Actor Andy Griffith was surprised with a 1971 appearance on the reality show This Is Your Life. But the Andy Griffith Show star was not pleased in the least. In fact, he was incensed that he had been overwhelmingly surprised by the program.
What was even stranger was that his former Griffith Show sidekick, Don Knotts, didn’t make an appearance.
‘This is Your Life’
This Is Your Life was what today would be called a reality show or documentary-style program that focused on one person, typically a celebrity but also featuring ordinary people. The program’s creator and host Ralph Edwards surprised guests, leading them through a look back at their lives in front of an audience, with appearances from their work associates, friends, and family.
Edwards created the show’s concept in 1948 while working on another program Truth or Consequences. It was initially designed to cheer injured soldiers with visits from old friends and family. A radio show at first, once television became prevalent, it aired on NBC television from 1952 to 1961 and then was revived again in 1971.
Andy Griffith on ‘This Is Your Life’
When Griffith appeared on the program, it was 1971. His self-titled program had ended in 1968. By 1970, the actor had tried at creating another successful series in the drama-comedy Headmaster. It lasted one season. The New Andy Griffith Show followed in 1971 and it too flopped, lasting only ten episodes. It wasn’t the career moment Griffith wanted a spotlight shone on, as Daniel de Visé stated in his book, Andy and Don: The Making of a Friendship and a Classic American TV Show.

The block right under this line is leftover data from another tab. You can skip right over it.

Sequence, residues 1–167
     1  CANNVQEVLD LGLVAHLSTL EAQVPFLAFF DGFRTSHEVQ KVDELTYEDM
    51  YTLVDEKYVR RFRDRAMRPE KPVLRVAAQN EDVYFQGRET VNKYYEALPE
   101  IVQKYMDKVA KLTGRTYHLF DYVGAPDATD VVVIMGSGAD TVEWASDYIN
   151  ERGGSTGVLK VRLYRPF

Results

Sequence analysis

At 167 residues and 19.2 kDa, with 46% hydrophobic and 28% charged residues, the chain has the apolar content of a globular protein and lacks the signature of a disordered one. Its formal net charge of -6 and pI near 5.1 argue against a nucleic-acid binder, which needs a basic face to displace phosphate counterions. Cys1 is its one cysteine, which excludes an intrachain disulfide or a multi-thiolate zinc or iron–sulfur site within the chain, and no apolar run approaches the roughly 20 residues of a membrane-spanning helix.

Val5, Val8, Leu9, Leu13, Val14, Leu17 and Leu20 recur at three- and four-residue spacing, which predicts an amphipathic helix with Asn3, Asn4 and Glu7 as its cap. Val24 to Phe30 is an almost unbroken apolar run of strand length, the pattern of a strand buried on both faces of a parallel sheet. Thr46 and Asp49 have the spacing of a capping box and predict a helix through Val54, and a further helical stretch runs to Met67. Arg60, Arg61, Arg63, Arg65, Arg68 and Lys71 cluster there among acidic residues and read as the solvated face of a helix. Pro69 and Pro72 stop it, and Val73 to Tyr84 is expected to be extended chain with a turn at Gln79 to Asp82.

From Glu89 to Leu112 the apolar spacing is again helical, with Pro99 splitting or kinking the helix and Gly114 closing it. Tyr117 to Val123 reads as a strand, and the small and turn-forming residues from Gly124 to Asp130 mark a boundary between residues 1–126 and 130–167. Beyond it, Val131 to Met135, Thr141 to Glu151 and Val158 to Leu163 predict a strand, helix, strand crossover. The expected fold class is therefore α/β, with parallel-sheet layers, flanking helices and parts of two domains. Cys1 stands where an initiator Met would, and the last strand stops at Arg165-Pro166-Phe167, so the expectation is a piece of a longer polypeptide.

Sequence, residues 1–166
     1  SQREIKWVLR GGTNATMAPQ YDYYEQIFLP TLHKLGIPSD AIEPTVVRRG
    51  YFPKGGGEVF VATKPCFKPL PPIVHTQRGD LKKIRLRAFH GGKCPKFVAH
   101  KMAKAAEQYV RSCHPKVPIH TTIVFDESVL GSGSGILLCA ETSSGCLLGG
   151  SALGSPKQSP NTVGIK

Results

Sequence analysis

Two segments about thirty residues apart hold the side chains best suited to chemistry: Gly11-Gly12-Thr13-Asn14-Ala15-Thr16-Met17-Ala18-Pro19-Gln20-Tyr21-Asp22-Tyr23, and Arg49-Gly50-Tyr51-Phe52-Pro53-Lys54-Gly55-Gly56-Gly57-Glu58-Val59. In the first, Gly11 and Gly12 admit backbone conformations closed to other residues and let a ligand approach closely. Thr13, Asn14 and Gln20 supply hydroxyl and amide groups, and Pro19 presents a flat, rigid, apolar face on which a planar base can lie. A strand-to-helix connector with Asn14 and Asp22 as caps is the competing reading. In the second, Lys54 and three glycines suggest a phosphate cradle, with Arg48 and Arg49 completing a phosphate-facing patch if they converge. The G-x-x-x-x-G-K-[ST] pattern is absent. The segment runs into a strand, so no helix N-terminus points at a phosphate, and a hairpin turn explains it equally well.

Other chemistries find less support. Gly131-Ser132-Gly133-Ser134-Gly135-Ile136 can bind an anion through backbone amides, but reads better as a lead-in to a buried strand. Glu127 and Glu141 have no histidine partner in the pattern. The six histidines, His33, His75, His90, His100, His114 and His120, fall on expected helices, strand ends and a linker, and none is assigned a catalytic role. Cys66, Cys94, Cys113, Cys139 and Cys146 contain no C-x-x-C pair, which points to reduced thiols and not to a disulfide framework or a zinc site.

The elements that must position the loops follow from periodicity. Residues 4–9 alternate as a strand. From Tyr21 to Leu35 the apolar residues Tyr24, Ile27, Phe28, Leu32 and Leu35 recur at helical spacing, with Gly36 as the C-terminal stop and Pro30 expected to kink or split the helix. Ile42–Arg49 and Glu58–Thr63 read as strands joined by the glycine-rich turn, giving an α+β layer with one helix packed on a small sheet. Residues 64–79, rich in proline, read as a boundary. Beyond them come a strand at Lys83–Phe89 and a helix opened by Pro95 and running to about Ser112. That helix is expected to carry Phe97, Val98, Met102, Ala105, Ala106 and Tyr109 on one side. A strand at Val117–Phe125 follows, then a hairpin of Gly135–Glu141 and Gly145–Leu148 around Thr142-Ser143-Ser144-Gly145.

“Just as his television world was crumbling around him, Andy Griffith found himself a surprise guest on the March 25, 1971 broadcast of This Is Your Life,” he wrote. “Faithful Dick Linke [Griffith’s longtime manager] helped arrange the affair, which reunited Andy with a bewildering array of loved ones and long-lost friends.”
Among those invited to the tribute were the minister from the actor’s North Carolina hometown who had taught him to play trombone; the glee club members he had led in high school; and Elia Kazan, the Oscar-winning director who “gave Andy his greatest film role” in 1957’s A Face in the Crowd.
Some of the Griffith Show‘s cast and crew also showed up, including creator Sheldon Leonard, Jim Nabors, Ron Howard, and Ken Berry.
One would think Griffith would have been pleased at the gathering in his honor. He wasn’t, according to his biographer: “Andy was furious. He liked to control his projects, not be blindsided by them.”
Why wasn’t Don Knotts there?
It’s never been explained why, but Griffith’s dear friend and former Griffith Show co-star wasn’t at the broadcast.
“The one curious omission was Don Knotts, Andy’s dearest friend,” said de Visé. “Was this an intentional act by Dick Linke, part of a campaign to dissociate his greatest client from the former partner? Decades later, Dick maintains he never intentionally excluded Don from the broadcast.”
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